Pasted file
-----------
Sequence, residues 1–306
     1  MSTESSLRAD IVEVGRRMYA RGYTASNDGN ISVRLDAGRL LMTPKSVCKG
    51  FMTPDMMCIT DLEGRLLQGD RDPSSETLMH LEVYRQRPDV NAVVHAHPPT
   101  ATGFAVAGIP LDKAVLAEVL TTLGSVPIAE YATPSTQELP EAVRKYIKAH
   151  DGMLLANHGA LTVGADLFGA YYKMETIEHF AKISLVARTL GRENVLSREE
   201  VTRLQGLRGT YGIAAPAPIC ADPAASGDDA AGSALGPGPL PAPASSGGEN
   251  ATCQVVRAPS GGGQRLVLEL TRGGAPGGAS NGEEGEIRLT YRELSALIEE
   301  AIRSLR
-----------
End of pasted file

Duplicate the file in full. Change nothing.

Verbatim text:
Sequence, residues 1–306
     1  MSTESSLRAD IVEVGRRMYA RGYTASNDGN ISVRLDAGRL LMTPKSVCKG
    51  FMTPDMMCIT DLEGRLLQGD RDPSSETLMH LEVYRQRPDV NAVVHAHPPT
   101  ATGFAVAGIP LDKAVLAEVL TTLGSVPIAE YATPSTQELP EAVRKYIKAH
   151  DGMLLANHGA LTVGADLFGA YYKMETIEHF AKISLVARTL GRENVLSREE
   201  VTRLQGLRGT YGIAAPAPIC ADPAASGDDA AGSALGPGPL PAPASSGGEN
   251  ATCQVVRAPS GGGQRLVLEL TRGGAPGGAS NGEEGEIRLT YRELSALIEE
   301  AIRSLR